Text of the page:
General DescriptionTPM is a sulphamate-substituted monosaccharide, a derivativeof the naturally occurring sugar D-fructose thatexhibits broad and potent AED actions at both glutamateand GABA receptors.19 It has good oral bioavailability of85% to 95%, most likely resulting from its structural similarityto D-glucose. Thus, it may be actively transportedinto the brain by the D-glucose transporter. (Recall thatD-fructose and D-glucose have identical stereochemistry atmany of their chiral centers.) Only about 20% of the drugis eliminated by hepatic metabolism (CYP2C19), the remainingdrug is excreted unchanged by the kidneys.57 Thesulphamate ester is hydrolyzed by sulfatases to the correspondingprimary alcohol, which is further oxidized to thecorresponding carboxylic acid. Even though there are noreports of significant interactions between TPM and otherAEDs, TPM is said to have a weak carbonic anhydrase inhibitoryactivity because of the presence of the sulphamatemoiety. Thus, concomitant use of TPM with other carbonicanhydrase inhibitors should be avoided.57 The exact mechanismof actions are still unknown, but TPM appears toblock glutamate release, antagonize glutamate kainicacid/AMPA receptors, and increase GABAergic transmissionby binding to a site distinct from BZDs or barbiturateson the GABAA receptor complex.
Biological ActivityAnticonvulsant. Antagonizes GluR5 kainate receptors (IC 50 = 0.46 μ M), acts as a positive allosteric modulator of GABA A receptor-mediated currents, inhibits Na v channels (IC 50 = 48.9 μ M) and inhibits L-type Ca 2+ channels. Also inhibits carbonic anhydrase (CA) (K i values are 0.1 and 0.2 μ M at rat CA II and CA IV respectively), which lowers intracellular neuronal pH.
Mechanism of actionThe mechanism of action for topiramate is unknown, but several actions are thought to contribute to its AED activity. It blocks repetitive firing by acting on sodium channels, may enhance GABAA-mediated chloride flux, and appears to be an antagonist at the AMPA and KA receptors, thus blocking the effect of glutamate. In addition, recent evidence suggests inhibition of L-type calcium currents.
PharmacokineticsTopiramate is rapidly absorbed, with at least an 80 to 95% oral bioavailability that is unaffected by food. Following an oral dose of topiramate, peak plasma concentration is reached in 1 to 4 hours, exhibiting linear pharmacokinetics. Protein binding is minimal (<20%), and the usual elimination half-life is 20 to 30 hours, allowing a twice-daily dosing regimen. In the absence of enzyme-inducing drugs, approximately 70 to 80% of the drug is excreted unchanged in the urine, with the remainder as metabolites resulting from oxidation and hydrolysis. Enzyme-inducing AEDs alter the pharmacokinetics of topiramate by reducing its plasma levels and increasing its rate of elimination.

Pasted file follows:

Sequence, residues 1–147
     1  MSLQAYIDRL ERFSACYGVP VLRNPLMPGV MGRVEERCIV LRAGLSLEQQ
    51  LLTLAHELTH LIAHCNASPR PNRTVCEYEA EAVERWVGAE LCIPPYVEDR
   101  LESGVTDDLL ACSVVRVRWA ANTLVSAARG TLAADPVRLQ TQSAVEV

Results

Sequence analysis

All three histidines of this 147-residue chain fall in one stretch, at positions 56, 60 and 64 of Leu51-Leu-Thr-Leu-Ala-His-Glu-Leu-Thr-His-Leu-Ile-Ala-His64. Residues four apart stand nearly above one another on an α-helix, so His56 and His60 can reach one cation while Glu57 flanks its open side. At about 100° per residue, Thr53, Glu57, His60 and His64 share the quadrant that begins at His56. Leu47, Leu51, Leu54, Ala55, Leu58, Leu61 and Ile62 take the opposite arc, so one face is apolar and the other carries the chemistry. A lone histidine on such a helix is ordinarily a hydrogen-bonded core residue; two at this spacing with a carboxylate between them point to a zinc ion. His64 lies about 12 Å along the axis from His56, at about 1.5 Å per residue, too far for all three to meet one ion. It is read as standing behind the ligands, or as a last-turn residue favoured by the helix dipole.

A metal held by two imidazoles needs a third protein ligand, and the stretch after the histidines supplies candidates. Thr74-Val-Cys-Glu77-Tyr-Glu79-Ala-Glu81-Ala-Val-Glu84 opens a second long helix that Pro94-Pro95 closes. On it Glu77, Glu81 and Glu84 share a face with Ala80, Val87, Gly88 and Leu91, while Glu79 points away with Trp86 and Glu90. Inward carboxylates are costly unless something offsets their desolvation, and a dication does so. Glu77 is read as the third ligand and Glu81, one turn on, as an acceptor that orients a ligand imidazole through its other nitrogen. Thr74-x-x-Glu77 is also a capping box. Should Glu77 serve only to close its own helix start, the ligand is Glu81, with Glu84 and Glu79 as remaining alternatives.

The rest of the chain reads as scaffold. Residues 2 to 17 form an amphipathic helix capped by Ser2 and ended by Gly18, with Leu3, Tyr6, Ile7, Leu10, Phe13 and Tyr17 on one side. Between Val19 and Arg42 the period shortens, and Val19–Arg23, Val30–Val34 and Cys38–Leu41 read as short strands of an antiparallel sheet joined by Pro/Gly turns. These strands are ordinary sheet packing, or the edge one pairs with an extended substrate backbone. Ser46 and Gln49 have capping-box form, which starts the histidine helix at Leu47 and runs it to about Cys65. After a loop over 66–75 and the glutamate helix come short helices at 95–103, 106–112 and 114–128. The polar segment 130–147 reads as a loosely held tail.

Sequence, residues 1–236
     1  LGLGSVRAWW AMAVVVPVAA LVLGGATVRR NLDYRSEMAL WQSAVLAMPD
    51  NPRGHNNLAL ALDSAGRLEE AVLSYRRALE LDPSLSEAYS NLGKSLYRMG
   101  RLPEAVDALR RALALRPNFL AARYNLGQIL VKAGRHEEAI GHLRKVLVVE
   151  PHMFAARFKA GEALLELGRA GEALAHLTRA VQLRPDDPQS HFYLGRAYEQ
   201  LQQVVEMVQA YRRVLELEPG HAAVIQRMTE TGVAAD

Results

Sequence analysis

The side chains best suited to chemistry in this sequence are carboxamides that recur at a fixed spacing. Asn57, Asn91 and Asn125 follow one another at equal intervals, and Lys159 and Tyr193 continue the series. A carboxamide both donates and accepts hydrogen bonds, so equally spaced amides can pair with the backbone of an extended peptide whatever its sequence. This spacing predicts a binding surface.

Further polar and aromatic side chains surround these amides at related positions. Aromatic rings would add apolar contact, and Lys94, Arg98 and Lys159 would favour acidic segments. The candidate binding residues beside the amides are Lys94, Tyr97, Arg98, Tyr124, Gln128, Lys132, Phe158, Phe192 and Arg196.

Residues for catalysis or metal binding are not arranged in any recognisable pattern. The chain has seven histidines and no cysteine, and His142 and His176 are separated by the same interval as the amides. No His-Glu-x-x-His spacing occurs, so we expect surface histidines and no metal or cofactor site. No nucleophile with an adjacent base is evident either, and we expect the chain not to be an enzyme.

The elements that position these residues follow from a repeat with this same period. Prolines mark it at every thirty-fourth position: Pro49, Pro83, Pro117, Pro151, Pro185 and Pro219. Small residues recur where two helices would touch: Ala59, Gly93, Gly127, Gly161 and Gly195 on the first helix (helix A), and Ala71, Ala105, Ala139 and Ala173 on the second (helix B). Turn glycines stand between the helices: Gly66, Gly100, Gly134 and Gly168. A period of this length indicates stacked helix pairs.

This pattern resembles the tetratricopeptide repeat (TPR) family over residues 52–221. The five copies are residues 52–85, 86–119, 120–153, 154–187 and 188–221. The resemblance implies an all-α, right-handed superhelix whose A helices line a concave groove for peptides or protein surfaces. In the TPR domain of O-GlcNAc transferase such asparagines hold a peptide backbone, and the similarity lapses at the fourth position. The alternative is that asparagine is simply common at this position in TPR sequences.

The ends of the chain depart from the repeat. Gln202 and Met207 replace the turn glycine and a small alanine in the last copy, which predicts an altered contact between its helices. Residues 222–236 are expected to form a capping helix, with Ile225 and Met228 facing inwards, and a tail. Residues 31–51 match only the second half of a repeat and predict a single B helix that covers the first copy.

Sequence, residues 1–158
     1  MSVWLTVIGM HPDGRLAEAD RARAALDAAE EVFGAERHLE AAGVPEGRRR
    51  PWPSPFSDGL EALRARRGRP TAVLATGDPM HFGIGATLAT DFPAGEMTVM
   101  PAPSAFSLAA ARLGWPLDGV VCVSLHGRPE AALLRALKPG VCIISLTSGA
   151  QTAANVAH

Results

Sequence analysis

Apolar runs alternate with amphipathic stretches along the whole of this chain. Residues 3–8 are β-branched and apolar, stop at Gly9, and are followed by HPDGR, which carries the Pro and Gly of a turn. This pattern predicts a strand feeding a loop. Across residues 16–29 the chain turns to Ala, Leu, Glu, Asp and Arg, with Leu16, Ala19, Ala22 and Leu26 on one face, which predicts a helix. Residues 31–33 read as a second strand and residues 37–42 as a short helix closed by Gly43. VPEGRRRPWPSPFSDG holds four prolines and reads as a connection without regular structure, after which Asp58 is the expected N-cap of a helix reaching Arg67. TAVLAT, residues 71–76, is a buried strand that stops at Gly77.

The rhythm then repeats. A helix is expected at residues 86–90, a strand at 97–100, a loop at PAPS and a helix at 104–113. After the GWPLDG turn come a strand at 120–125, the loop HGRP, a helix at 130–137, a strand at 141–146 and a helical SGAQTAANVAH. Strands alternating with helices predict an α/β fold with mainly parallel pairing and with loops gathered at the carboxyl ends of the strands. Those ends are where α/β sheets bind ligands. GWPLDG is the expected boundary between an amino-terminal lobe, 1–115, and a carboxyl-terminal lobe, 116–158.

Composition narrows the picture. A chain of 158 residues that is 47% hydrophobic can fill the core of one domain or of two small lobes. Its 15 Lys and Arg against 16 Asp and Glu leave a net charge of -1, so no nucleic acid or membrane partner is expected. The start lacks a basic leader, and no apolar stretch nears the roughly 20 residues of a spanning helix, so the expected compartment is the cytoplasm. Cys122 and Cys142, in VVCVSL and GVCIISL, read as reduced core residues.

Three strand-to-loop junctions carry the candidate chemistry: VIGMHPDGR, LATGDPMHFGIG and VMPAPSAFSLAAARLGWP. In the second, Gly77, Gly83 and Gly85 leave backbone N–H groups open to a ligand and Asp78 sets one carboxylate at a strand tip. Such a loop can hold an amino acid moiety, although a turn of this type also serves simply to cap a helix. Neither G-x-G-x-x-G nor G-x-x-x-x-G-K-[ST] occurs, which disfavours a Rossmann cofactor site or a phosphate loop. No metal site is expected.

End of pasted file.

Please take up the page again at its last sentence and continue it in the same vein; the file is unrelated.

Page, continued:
In children from 4 to 17 years of age, topiramate exhibits linear pharmacokinetics, with a 50% increase in clearance rate compared to adults. Topiramate may require up to a 50% dose reduction in patients with renal insufficiency, and a replacement dose may be needed after renal dialysis. Topiramate has demonstrated teratogenicity in animal studies.
Clinical UseTopiramate is a sulfamate-substituted monosaccharide derived from fructose with a broad spectrum of AED activity. It is approved for monotherapy or as an adjunct drug for partial or primary generalized tonic-clonic seizures in patients older than 10 years, as adjunct therapy in children aged from 2 to 10 years with partial-onset seizures, and in persons older than 2 years with Lennox-Gastaut syndrome. Topiramate also is approved for the prophylaxis of migraine headaches.
Side effectsCommon CNS side effects associated with topiramate therapy include drowsiness, dizziness, impaired concentration and memory, speech and language difficulties, and confusion. These effects develop during the first weeks of therapy and may decline over time. Acute closed-angle glaucoma caused by topiramate requires immediate evaluation. Only rare hepatic or bone marrow effects have been noted thus far; however, an increased incidence of renal stones is troublesome and probably related to the drug's activity as a carbonic anhydrase inhibitor, reducing citrate excretion and increasing urinary pH. Use of additional carbonic anhydrase inhibitors, a ketogenic diet, or a family history of nephrolithiasis may be considered as contraindications for using topiramate.
Topiramate is not devoid of potential interaction properties: It induces CYP3A4 and inhibits CYP2C19, thus significantly increasing plasma phenytoin levels. Topiramate also may decrease the effectiveness of oral contraceptives.
Veterinary Drugs and TreatmentsTopiramate may be useful for treating seizures in dogs, particularly partial seizure activity. It may also be of benefit in treating cats, but little information is available.
Topiramate Preparation Products And Raw materials
Raw materialsSodium hydride-->sulfamoyl chloride
Tag:Topiramate(97240-79-4) Related Product Information